A few years ago, my friends and I reminisced about our favorite novels as kids. One was Judy Blume’s 1970 classic, Are you there God? It’s me, Margaretreleased this week (in the US, but not yet in Australia) as a movie.
Blume’s novel is about a year in the life of 11-year-old Margaret Simon, after she moves from New York City to the New Jersey suburbs. Margaret grew up without religion: her mother was disowned by her Christian parents when she married Margaret’s Jewish father.
But Margaret secretly talks to God as she grapples with the challenges of adolescence, friendship and finding her religious identity. Margaret and her friends, who call themselves the Pre-Teen Sensations, are obsessed with growing breasts and getting their periods.
Despite the enduring legacy of Blume’s novels, there have been few film adaptations of her work – and Blume has frequently been disappointed by them.
But she was convinced by the passion from director Kelly Fremon Craig (The edge of seventeen) and producer James L. Brooks (broadcast newsThe Simpsons).
Read more: Sex and other reasons why we ban books for young people
Speak out against censorship
Blume has spoken out against current movements to ban and censor booksclimate observation is worse now than it was in the 1980s, “because it has become political.”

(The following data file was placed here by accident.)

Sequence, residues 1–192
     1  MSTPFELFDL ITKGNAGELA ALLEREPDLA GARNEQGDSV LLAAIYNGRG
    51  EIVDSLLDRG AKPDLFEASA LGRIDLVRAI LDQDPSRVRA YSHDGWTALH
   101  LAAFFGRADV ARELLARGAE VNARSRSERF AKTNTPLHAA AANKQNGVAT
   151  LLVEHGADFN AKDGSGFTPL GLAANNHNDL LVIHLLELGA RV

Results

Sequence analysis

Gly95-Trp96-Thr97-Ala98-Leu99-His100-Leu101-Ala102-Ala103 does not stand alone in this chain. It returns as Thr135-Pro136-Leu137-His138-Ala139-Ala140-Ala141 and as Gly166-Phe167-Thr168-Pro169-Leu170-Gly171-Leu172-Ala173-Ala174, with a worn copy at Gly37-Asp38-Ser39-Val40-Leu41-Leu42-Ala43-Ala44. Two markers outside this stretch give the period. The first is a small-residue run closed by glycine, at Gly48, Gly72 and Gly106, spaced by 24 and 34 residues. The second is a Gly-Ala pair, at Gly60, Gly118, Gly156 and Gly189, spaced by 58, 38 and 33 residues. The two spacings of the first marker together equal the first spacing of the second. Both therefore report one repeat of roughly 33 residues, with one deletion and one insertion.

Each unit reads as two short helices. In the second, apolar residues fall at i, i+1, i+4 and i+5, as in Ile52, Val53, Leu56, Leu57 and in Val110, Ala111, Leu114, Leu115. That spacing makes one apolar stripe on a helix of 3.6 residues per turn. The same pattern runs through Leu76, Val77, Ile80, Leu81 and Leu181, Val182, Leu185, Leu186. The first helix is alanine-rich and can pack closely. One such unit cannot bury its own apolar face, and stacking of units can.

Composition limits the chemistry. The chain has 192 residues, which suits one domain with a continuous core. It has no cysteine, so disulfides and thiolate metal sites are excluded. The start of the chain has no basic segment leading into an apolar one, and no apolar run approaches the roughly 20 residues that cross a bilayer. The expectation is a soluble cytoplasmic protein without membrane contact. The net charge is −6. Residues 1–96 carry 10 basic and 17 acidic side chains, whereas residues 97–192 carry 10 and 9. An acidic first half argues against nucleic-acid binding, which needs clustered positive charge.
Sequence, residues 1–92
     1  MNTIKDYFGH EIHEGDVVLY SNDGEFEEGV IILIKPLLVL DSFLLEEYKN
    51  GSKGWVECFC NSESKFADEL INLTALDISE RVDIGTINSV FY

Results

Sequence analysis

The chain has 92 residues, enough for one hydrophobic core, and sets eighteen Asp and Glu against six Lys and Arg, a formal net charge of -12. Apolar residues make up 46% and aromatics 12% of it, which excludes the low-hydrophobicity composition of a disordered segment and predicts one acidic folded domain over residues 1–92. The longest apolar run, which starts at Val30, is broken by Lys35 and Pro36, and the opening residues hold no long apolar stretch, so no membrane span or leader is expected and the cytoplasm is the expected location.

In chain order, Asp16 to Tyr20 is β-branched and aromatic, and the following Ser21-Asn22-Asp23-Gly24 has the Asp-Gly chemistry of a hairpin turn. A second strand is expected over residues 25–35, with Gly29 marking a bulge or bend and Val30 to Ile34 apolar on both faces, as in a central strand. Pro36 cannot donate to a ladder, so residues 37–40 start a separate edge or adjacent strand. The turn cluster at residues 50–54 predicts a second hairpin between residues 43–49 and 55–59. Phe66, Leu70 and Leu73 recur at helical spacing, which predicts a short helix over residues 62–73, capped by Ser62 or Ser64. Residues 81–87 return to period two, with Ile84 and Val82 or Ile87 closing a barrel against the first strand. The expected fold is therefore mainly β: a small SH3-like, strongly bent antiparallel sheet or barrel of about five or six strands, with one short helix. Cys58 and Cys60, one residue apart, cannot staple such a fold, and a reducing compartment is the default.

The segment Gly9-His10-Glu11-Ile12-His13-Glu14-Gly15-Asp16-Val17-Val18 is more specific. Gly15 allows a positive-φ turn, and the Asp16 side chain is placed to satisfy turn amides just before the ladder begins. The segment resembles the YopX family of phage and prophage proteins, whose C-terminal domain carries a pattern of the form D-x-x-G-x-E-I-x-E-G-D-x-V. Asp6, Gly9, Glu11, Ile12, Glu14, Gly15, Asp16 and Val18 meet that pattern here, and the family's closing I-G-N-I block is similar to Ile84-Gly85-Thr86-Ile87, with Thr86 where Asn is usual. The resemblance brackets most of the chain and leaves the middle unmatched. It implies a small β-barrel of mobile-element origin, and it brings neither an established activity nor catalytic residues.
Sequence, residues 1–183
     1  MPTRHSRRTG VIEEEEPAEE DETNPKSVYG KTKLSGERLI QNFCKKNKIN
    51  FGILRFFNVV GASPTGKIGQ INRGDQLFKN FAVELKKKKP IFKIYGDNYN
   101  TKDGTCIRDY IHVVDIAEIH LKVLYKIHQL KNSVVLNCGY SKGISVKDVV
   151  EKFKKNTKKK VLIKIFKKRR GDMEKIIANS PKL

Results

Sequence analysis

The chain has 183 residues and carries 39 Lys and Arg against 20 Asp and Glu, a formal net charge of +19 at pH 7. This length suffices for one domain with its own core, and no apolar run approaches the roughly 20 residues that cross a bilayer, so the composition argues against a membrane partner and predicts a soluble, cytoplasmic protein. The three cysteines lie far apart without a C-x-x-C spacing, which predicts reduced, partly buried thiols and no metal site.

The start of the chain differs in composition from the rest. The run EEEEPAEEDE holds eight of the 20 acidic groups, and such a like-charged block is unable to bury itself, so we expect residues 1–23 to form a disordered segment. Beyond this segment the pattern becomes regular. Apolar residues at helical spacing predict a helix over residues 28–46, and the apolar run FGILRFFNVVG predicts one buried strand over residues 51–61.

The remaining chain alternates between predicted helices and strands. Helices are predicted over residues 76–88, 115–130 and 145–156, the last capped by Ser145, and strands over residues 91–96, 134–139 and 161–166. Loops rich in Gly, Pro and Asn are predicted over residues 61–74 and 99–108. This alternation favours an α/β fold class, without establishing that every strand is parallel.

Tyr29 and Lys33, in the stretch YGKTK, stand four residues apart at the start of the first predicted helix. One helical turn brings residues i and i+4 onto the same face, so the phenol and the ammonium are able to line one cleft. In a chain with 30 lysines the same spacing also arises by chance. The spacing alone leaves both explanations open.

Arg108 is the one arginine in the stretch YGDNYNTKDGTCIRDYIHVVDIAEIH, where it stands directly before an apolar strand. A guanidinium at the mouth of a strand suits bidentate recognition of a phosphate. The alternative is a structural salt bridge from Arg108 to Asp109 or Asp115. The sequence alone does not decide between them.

Are you there God? It’s me, Margaret and Forever (1975) – also planned for a film adaptation, by Netflix – are Blume’s most controversial books, due to their candid depictions of puberty and teenage sexuality.
Are you there God? It’s me, Margaret was listed by the American Library Association 100 Most Challenged Books – books that people tried to ban – from the 1990s (when the association first started tracing) to the 2010s. It was even banned in Blume’s children school library.
Forever, an unwavering, sweet and funny account of first love and first sex, published in 1975, ranks number seven on the list of most challenged books. Recently it was banned by a school district in Florida.
Are you there God? I agree, Margaret was also controversial for his treatment of religion. Many of us may remember it because of the Pre-Teen Sensations’ preoccupation with periods, breasts, and boys. But Margaret’s search for a religious identity—and her understanding of how this shapes her family relationships—is at the heart of the novel. Ultimately, the book’s message seems to be that organized religion matters less than Margaret’s personal relationship with God.